Actor Shia LaBeouf has literally made an art of apologizing for a chain of ill deeds. He added a link to that chain late Thursday when, police said, he lit up a cigarette in a Broadway theater.
The "Transformers" actor was led away in handcuffs from a showing of "Cabaret" at a theater at New York's Studio 54. He was drunk and had been disruptive in the theater, police said.
On Friday, a tired-looking LaBeouf was silent as he left a Manhattan courtroom after being released on his own recognizance. Represented by a legal aid lawyer during his brief court appearance, the actor was formally charged with criminal trespass, disorderly conduct and harassment.
In court, a prosecutor voiced concern about releasing LaBeouf without bail, but the defense lawyer noted the media buzz that his failure to appear for his July 24 court day would generate. The actor was surrounded by reporters and photographers for several blocks after leaving court.
LaBeouf had been sitting in the audience at Studio 54, CNN affiliate WABC reported, when he allegedly disrupted the show during the first act. A criminal complaint said he allegedly yelled "loudly at the actors onstage" and refused to leave.
As a police officer escorted the actor out of the theater, LeBeouf allegedly said, " "F--- you. This is f---ing bull---. Do you know my life? Do you know who the f--- I am? Do you know who I am," the complaint said.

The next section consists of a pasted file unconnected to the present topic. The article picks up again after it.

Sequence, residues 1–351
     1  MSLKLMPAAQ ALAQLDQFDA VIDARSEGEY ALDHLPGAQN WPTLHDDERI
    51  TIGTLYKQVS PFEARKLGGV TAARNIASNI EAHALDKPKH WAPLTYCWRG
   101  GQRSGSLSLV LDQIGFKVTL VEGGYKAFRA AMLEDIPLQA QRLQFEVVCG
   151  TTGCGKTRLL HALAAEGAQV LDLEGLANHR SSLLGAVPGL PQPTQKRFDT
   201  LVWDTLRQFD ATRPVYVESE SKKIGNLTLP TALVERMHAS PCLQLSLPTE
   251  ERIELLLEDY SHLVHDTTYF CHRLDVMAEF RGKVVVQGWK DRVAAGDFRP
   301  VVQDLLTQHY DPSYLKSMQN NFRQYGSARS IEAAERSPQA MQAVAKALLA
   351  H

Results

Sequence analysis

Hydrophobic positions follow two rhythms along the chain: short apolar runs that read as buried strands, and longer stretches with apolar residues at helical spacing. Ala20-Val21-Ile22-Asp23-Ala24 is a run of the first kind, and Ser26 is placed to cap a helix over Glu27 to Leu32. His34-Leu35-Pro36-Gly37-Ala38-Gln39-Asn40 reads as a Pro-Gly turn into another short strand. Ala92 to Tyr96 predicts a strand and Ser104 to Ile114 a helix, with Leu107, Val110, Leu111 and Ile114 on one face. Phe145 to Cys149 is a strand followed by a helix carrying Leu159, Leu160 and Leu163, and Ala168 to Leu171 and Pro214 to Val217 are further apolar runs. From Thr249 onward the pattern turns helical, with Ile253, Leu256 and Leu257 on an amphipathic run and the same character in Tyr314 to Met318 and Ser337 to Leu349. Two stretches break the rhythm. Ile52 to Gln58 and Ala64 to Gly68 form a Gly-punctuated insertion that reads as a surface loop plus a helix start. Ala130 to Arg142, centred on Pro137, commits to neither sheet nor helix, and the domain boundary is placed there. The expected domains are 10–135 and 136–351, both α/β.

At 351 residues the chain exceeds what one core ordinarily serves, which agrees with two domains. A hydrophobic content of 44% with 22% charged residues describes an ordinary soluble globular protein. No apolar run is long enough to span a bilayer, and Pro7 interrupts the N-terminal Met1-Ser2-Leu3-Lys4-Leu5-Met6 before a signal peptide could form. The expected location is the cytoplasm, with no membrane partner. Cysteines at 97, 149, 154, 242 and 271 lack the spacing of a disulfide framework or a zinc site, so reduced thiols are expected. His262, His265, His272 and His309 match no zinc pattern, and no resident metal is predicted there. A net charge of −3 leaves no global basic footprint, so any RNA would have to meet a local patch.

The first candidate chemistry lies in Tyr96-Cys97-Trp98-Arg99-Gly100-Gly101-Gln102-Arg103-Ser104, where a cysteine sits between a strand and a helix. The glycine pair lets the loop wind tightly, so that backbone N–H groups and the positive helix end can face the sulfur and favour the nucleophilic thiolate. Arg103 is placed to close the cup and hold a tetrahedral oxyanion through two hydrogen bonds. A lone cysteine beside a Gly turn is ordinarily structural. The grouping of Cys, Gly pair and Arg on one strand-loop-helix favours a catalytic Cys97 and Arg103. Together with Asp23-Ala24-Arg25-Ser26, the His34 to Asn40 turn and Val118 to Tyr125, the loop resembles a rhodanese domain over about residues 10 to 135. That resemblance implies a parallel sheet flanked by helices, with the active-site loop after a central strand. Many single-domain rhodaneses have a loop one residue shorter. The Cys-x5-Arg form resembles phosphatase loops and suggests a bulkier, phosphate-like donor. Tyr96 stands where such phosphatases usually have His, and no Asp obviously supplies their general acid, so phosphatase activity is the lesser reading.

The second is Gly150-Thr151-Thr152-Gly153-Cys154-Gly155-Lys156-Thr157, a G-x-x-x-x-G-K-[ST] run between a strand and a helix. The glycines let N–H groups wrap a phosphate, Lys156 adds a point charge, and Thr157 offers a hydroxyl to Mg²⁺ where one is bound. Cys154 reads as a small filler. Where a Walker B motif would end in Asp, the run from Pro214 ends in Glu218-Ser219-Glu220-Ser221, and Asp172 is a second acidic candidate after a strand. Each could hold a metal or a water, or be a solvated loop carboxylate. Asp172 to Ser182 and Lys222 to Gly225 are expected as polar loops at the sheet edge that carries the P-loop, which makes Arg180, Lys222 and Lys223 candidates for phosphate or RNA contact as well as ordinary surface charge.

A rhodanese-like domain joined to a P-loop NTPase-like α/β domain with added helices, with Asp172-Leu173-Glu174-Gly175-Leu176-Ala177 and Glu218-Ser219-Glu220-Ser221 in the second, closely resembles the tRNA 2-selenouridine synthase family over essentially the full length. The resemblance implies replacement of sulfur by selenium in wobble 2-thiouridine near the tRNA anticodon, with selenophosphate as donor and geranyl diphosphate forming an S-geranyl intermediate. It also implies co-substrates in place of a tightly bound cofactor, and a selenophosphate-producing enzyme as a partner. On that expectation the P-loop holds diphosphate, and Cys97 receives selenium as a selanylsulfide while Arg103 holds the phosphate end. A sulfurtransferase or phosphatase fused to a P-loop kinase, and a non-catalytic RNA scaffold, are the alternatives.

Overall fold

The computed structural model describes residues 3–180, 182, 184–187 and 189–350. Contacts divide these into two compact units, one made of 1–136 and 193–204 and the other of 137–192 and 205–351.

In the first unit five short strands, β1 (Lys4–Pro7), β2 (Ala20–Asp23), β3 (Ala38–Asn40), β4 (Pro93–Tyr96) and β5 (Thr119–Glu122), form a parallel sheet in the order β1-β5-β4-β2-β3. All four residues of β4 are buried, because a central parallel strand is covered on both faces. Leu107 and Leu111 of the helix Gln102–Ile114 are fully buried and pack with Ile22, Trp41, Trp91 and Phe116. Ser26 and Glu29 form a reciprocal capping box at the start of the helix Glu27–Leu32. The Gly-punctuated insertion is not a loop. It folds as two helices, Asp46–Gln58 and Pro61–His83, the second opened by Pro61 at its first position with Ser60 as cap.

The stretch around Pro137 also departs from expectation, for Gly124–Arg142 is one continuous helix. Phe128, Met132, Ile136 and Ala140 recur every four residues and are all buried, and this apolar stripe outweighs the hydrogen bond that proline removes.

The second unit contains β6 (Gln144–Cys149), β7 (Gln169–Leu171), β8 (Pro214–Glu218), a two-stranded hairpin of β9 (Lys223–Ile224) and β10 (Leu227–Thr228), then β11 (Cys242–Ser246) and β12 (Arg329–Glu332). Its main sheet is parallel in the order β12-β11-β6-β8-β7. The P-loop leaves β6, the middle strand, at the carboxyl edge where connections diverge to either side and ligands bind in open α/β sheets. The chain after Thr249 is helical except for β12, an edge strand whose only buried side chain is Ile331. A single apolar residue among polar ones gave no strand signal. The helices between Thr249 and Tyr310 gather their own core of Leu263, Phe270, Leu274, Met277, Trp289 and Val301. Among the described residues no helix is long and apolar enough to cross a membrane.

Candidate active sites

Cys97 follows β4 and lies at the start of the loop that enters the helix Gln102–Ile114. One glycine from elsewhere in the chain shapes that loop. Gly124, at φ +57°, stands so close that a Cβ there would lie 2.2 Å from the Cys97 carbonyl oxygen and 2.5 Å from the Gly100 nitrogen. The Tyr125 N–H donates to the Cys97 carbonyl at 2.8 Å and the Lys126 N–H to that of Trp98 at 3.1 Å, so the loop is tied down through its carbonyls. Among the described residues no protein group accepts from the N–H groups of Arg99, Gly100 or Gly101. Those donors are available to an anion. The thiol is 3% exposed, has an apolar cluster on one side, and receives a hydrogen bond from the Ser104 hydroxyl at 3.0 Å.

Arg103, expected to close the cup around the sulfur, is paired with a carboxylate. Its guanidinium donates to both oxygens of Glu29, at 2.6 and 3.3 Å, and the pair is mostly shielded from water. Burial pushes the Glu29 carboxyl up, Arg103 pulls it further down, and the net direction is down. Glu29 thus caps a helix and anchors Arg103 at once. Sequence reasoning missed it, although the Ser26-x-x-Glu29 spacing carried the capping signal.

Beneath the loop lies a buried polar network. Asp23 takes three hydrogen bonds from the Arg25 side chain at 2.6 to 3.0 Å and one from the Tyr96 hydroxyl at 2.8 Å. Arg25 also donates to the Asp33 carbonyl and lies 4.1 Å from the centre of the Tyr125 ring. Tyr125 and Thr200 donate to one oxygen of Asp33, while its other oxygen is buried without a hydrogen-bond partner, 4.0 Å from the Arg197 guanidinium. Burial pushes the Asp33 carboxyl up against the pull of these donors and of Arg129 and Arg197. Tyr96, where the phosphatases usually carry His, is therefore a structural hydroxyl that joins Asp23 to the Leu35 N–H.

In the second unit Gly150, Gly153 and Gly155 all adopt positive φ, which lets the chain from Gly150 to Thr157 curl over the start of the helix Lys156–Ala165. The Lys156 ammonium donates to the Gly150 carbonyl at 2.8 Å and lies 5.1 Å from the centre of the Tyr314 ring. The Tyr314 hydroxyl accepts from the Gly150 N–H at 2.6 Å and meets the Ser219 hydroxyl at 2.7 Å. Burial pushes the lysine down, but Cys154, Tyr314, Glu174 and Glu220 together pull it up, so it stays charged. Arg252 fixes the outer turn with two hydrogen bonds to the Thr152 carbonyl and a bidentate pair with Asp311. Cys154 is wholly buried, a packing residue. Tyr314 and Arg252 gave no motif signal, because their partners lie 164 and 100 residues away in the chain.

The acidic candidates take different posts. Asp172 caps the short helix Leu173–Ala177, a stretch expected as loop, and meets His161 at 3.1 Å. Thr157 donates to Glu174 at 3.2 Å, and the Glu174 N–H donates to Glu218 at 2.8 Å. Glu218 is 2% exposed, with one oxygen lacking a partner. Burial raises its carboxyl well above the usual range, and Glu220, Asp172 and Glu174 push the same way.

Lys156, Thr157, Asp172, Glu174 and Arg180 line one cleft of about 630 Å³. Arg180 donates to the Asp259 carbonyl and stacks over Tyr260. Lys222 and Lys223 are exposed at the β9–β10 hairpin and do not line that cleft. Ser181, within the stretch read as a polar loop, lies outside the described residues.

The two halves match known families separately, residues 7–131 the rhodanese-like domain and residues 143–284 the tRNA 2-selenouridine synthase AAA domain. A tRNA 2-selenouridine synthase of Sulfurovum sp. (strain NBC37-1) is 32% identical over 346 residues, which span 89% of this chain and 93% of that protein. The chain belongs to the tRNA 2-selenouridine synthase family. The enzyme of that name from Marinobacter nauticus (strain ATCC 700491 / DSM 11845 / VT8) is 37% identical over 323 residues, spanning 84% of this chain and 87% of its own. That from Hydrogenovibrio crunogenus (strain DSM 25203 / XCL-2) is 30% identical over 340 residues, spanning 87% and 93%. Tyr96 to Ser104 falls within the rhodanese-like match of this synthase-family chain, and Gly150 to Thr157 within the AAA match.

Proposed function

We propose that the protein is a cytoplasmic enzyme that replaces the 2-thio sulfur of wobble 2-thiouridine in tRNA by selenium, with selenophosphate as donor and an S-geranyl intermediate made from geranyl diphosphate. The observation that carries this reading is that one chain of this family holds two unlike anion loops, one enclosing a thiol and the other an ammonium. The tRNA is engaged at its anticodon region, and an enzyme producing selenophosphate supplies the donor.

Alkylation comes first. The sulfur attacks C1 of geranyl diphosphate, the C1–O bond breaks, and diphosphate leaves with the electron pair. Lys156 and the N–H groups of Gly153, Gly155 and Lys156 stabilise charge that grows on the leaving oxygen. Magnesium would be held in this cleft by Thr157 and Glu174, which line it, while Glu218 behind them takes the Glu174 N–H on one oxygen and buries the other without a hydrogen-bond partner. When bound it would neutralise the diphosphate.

At the police precinct, the actor spat in the direction of the officer and cursed at him, according to prosecutors.
LaBeouf was held overnight.
Two women in the audience thought that LaBeouf's outburst was an act, they told WABC.
"He was brilliant," one said. "I thought he was working on a role or something."
His alleged belligerence may have all been an act, just like the next apology the public can expect from him.
In February, he started a performance art exhibit in Los Angeles titled #IAMSORRY, in which he apologizes for a litany of transgressions while he wears a paper bag over his head.
He was also dressed for the role during Friday's outburst, the two theatergoers said. He staggered around in a torn shirt with the cigarette and was mixing with the crowd. He walked up to a woman at the theater bar, fed her a strawberry by hand and tipped the bartender, they said.
LaBeouf rose to fame at age 14 as the star of the Disney series "Even Stevens." He has stayed busy with regular movie and TV roles since the late 1980s, including starring in three "Transformers" films. Of late, he has played in films with a more literary appeal, such as "Nymphomaniac" and "The Necessary Death of Charlie Countryman."
He co-stars with Brad Pitt in the upcoming movie "Fury," according to LaBeouf's profile on the International Movie Database.
Last year, LaBeouf, who has also written screenplays, was accused of plagiarizing another writer's work.